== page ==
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PuterPaul

Inserting in order

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Quick logic question really, I have a program which generates a random list of numbers, and is supposed to insert the numbers into the list in order. Here''s what I''ve written so far, i think my logic my be flawed though due to scope.


// insert input_item to an ordered list, the list must be still in

// correct order after the insertion. return the size of list. 

// TASK 1 -- add you code here

public int insertInOrder(String input_item)
{ 
   int i,j,insertPos;
   if(current_size>0)
   {
       int conversion = Integer.parseInt(input_item);	   
       for(i=current_size;i>conversion;i--)
           tmp[i+1]=data[i];  //temporary buffer

       for(j=0;j<=current_size+1;j++)
       {
           if(input_item.equals(data[j]) | Func.lessThan(input_item,data[j]))
	      data[j]=input_item;
       }
       current_size++;
   }
   else
   {   
   data[0] = input_item;     
   current_size++;
   }
   return current_size;
}
Oh and here''s how Func.lessThan is defined
public static boolean lessThan(String s1, String s2) 
// compare two strings s1 and s2 return true if s1 < s2

{
     if(isIntString(s1) && isIntString(s2)) 
         return (Integer.parseInt(s1) < Integer.parseInt(s2));
     else
         return (s1.compareTo(s2) < 0);
}

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Slight update to the code


public int insertInOrder(String input_item)
{
int i,j,insertPos;
if(current_size>0)
{
int conversion = Integer.parseInt(input_item);
for(i=current_size;i>conversion;i--)
tmp[i+1]=data[i];
for(j=0;j<=current_size+1;j++)
{
if(data[j] != null)
{
if(Func.lessThan(input_item,data[j]))
{
data[j]=input_item;
break;
}
else if(input_item.equals(data[j]))
{
data[j+1]=input_item;
break;
}
}
else
{
data[j]=input_item;
break;
}

}
current_size++;
}
else
{
data[0] = input_item;
current_size++;
}

return current_size;
}

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quote:

I have a program which generates a random list of numbers, and is supposed to insert the numbers into the list in order.


So why the fuss? Use the STL. If you're trying to do what I think you're trying to do, something like this:

#include <iostream>
#include <vector>
#include <algorithm>
#include <ctime>
#include <cstdlib>

int main() {
typedef std::vector<int>::size_type size;

std::cout << "Number of random numbers: ";
size num;
std::cin >> num;

std::cout << "Maximum random number: ";
size_t max;
std::cin >> max;

srand( static_cast<unsigned>( time(0) ) ); // seed `rand'

std::vector<int> rand_nums;
// could instead use `std::generate' with a random number generator functor here

for (size i = 0; i < num; ++i)
rand_nums.push_back( rand() % max ); // insert rand #


std::sort(rand_nums.begin(), rand_nums.end()); // sort ascending


std::copy( rand_nums.begin(), rand_nums.end(),
std::ostream_iterator<int>(std::cout, "\n") ); // print to standard output (screen)


return 0;
}


[ Google || Start Here || ACCU || STL || Boost || MSDN || GotW || CUJ || MSVC++ Library Fixes || BarrysWorld || E-Mail Me ]

[edited by - Lektrix on October 16, 2003 11:00:02 AM]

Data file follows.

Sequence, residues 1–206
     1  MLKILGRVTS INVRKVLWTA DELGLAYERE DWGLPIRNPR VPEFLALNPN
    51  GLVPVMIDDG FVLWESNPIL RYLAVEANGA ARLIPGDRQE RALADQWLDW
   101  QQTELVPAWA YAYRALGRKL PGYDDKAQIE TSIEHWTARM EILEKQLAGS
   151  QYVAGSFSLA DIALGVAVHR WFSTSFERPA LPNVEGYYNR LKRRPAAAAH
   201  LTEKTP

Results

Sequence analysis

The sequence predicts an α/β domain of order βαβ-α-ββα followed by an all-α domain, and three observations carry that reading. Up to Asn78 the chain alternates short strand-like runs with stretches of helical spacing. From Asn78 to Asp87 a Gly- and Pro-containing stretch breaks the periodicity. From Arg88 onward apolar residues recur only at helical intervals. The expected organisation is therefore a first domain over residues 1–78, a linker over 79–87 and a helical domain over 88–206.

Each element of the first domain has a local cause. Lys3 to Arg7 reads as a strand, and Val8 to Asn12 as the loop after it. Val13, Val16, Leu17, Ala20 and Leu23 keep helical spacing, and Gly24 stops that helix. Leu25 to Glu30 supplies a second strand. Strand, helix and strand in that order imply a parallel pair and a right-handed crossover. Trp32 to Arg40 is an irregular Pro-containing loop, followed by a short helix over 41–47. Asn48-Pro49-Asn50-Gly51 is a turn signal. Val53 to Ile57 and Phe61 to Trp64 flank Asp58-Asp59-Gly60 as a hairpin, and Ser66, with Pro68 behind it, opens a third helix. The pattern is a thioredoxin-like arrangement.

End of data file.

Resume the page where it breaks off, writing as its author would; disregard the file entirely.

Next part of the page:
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quote:
So why the fuss? Use the STL.

Well, I think he is using Java.

Do you have to use a list? A binary search tree would be perfect for this.

[edited by - CodeMunkie on October 16, 2003 11:06:28 AM]

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Guest Anonymous Poster
Yeah STL would do this automatically, but of course that looks like Java code.

However, one question remains... why don''t you do you homework without cheating?

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**hijacks thread**

std::sort(rand_nums.begin(), rand_nums.end()); // sort ascending

Now how do you insert numbers so as to preserve the order? binary search?
Is it better to use the list?
Or should I write my own tree?

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quote:
Original post by aboeing
Now how do you insert numbers so as to preserve the order?


You would have to use a sorted associative container, for example std::set, for this type of behaviour. With an associative container, for example std::vector in this case, you''d have to use std::sort to sort the elements after you''ve finished inserting.
quote:
Original post by aboeing
Is it better to use the list?


In this case, probably yes, as std::sort will performing copying. For sorting a list, you would use std::list''s sort method.

[ Google || Start Here || ACCU || STL || Boost || MSDN || GotW || CUJ || MSVC++ Library Fixes || BarrysWorld || E-Mail Me ]

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quote:
Original post by Anonymous Poster
Yeah STL would do this automatically, but of course that looks like Java code.

However, one question remains... why don''t you do you homework without cheating?


If I were cheating I would have just gone ahead and asked you to write it for me, however I have attempted it. And now although there were some responses in here which were useful(thanks btw) , I have sorted this problem out myself. So asking for a little outside help when I come to a dead end after my attempt, is NOT in my books cheating!!!

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